But I'm just excited today to talk a little about what happens when you try and start scaling an advice business beyond yourself, and how you do that. Not just from the, “Yeah, we try to buy technology that makes it more efficient,” but literally, how do you get all the human beings focused in the same direction, to the same thing? Because it's almost like all the pain points I see in advisory businesses, “Yeah, there was some technology stuff that maybe doesn't work as well as we want. And we wish it worked better. But most of the hard problems that really come in a business, it's human problems, it's not technology problems, really. It's human problems.” It's human beings that are getting human and all the difficulties that come from that. And when you're a solo advisor, that's relatively manageable because the only person that you have to deal with is the one that you see in the mirror. But once you start scaling, all these human beings are there, and we need them to be doing the same thing too. And the scaling thing gets a lot harder.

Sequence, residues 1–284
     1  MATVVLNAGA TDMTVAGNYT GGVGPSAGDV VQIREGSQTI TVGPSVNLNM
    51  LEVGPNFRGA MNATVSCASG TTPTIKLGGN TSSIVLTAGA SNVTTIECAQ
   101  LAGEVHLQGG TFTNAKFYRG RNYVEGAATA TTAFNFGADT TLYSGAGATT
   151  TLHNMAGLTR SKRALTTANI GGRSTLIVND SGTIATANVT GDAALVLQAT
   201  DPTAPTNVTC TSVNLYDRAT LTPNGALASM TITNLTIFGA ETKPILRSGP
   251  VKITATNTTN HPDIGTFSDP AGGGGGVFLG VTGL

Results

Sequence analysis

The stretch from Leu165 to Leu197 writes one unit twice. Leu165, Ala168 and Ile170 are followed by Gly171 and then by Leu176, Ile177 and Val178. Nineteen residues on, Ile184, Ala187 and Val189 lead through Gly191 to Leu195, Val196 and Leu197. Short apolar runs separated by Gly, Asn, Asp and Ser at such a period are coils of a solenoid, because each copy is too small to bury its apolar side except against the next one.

How John Got Introduced To EOS [06:11]
John: That's absolutely right. And it's easy to feel isolated in our industry as you're growing your business. And I think that's one of the main reasons that my business partner, Matt Marcoux, and myself have always been such avid listeners to your show because it helps us feel we're connected to a community of advisors that are sharing their struggles, their challenges, how they're growing, how they're scaling.
And it's funny, you mention the EOS model. It's inspired by Gino Wickman. And he wrote a book called "Traction." And I would say, probably, we started our firm in 2018. Sometime around 2019, someone suggested the book to me. In fact, it was our business coach, David DeCelle through Model FA. You may have heard of them. But we have a business coach too. And we think that's really important, just as I said, to be able to have a broader scope of what we're doing and not just Matt and I talking to each other all the time. Like, "Are we doing this right, or we need somebody to bounce ideas off of?" So "Traction" was brought to us, that book. And I probably sat on it for a year. Truly, it literally sat on my desk, it was one of those ones where I didn't put away in a closet because I knew it was an important book, but I couldn't motivate myself to read it for some reason. I don't know why.